One time I bought some old Lionel trains from a man who had inherited them from his father. I asked him how they divided up their things. He said that his sister was made executor and she decided that the oldest would pick first, then the next oldest, and so on down the line of seven children. Then, after all seven had chosen, the oldest would pick again and the process repeated. I asked how he felt about the fairness of that. He said it seemed fair to him. Then, I asked where was he in the line of children. He said he was the oldest.

I’ve tried to come up with a fair and equitable distribution method, but I cannot come up with anything fairer than having a public auction and allowing family members to bid if they choose to do so. The downside is that the public can also bid and come away with family items. And, the auction house comes away with 20% or more out of the estate. And I’m sure there are tax implications.

I would like to hear ideas from others about distributing family antiques."

Here are the answers we received.....
5.4% - said "Sell everything at auction and divide up the money."
16.1% - said "Use a lottery where each relative gets to select an item."
78.6% - said "I have another idea......"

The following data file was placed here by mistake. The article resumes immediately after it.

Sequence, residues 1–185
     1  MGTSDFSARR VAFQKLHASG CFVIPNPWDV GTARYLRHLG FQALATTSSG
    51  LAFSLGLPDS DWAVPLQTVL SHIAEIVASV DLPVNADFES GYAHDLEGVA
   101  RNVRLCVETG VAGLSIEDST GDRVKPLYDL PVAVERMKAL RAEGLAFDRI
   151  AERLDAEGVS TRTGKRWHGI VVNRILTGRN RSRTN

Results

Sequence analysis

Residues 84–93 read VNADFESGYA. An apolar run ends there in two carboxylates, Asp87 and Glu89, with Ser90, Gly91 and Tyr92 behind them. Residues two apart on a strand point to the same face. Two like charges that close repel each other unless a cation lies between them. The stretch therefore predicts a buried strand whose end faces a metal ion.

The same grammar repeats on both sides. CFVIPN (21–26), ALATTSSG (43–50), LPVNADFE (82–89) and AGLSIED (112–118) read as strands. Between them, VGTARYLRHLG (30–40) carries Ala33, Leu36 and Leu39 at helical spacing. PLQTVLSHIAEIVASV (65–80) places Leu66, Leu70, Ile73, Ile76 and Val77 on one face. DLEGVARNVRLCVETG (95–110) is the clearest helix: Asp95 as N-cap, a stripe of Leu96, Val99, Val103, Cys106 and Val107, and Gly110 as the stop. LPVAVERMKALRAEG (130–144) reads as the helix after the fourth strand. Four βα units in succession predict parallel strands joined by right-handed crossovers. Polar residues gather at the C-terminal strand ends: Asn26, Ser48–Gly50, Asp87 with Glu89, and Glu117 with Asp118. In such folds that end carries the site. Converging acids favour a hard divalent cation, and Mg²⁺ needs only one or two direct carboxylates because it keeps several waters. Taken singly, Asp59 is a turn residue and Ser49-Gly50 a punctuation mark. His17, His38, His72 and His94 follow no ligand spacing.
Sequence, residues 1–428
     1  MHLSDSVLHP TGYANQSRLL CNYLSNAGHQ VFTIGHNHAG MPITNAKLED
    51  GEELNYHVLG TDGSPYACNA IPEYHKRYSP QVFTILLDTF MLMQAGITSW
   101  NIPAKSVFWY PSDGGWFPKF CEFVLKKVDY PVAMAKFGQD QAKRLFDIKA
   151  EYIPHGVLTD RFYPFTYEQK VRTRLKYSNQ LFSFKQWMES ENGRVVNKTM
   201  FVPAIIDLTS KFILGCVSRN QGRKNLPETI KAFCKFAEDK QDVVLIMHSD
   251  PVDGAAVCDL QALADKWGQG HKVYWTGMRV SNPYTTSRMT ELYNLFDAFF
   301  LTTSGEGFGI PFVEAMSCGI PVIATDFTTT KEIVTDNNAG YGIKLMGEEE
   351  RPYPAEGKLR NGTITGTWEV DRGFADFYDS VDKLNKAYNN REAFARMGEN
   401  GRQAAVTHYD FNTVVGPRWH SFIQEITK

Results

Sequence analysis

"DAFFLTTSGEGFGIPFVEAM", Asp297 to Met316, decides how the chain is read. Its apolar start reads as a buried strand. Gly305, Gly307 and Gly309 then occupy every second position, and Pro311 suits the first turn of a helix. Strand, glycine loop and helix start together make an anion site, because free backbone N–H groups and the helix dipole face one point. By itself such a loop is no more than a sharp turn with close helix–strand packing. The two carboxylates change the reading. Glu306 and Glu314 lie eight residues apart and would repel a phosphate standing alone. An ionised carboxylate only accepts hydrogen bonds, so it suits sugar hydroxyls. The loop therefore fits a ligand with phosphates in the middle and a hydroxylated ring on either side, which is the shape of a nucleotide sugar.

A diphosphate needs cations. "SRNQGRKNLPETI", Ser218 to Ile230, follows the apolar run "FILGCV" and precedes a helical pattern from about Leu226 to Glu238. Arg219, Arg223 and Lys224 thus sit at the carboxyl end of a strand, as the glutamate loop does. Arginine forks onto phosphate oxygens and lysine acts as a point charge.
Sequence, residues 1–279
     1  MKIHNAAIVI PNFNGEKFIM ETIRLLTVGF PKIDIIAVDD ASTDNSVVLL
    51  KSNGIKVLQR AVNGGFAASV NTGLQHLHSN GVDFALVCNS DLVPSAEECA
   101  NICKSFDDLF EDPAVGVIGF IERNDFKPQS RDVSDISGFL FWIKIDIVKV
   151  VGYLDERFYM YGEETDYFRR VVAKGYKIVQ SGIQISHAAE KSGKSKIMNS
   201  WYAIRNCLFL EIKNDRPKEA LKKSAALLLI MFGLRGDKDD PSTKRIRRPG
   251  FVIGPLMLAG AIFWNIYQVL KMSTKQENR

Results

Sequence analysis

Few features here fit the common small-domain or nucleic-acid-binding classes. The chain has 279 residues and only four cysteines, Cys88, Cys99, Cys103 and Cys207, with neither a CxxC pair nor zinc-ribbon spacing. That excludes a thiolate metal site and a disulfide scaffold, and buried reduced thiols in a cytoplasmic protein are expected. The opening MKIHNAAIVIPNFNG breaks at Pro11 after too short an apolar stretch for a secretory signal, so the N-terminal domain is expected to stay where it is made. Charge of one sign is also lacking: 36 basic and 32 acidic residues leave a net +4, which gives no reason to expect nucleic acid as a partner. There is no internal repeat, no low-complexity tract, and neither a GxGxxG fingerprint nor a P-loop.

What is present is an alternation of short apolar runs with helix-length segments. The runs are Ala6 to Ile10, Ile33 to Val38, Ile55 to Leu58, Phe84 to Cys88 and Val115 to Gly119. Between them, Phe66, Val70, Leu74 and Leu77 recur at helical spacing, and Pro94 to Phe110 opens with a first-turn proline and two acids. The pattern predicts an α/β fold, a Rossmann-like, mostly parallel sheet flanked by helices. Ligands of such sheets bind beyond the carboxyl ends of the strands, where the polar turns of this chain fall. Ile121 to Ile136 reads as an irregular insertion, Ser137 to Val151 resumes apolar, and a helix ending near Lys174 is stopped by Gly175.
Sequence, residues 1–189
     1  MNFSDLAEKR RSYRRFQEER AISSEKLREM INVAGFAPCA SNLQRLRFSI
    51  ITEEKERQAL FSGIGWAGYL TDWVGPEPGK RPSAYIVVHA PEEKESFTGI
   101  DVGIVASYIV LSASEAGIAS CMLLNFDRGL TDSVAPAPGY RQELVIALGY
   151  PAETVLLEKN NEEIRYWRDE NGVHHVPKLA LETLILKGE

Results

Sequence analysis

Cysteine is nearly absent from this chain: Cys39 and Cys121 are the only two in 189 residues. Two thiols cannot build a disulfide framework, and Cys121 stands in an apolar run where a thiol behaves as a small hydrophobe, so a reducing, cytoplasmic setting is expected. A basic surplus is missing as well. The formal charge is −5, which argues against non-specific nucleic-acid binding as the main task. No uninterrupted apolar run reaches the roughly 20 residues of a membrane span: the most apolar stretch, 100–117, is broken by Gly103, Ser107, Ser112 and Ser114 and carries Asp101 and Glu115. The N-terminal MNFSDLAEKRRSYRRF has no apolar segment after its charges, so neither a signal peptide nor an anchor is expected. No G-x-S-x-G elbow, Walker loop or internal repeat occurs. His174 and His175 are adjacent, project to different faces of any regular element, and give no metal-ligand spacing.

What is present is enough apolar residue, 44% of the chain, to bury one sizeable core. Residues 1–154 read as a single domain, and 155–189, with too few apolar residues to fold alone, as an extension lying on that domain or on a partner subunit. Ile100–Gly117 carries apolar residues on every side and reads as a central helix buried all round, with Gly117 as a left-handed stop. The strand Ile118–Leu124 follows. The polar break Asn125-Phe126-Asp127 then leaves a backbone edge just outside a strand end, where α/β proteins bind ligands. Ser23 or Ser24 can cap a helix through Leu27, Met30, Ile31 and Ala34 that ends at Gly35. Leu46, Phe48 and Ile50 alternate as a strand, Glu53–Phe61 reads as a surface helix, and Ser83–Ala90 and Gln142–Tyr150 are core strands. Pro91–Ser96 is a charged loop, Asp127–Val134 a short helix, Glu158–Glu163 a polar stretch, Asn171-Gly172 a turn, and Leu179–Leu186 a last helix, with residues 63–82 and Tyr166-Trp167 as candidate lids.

a) I have heard a variation of oldest picks first & youngest picks last. Instead of starting back with the oldest on the second round, the youngest picks first in the second round & the oldest picks last.

b) If your parents are still alive and wish to do so, have them gift the items to the child or family member of their choice. If they don't wish to do so, use the lottery system. But before you start that, tell any family member who has already received one or more items because they begged first, that they must stand back until the rest of the family members catch up. And, anyone who whines is automatically out. You know...if you contest the will, you're out of it. People who pig out on family material items to the detriment of family love should be put in the sty where they belong.

c) If there are several family members, it would seem most fair to draw lots for order of choosing items. Maybe this is the same as #2, the lottery, but I'm not sure. My sister and I had no problem taking turns picking because we get along well and with only 2 the turns came quickly. I don't remember how we chose who selected first. I think one of us probably said "You can go first." It's nice when family get along, but of course, our parents didn't own the Hope Diamond.

d) Well, if your father dies before your step-mom you won't have to worry. You get nothing & her family gets it all. I can not believe my father left me nothing. And I know the house--the one my father was born in & has been in his life since before 1924 is already in her kids' names. Makes people complaining they didn't get "first pick" or just what they wanted sound kinda shallow, doesn't it?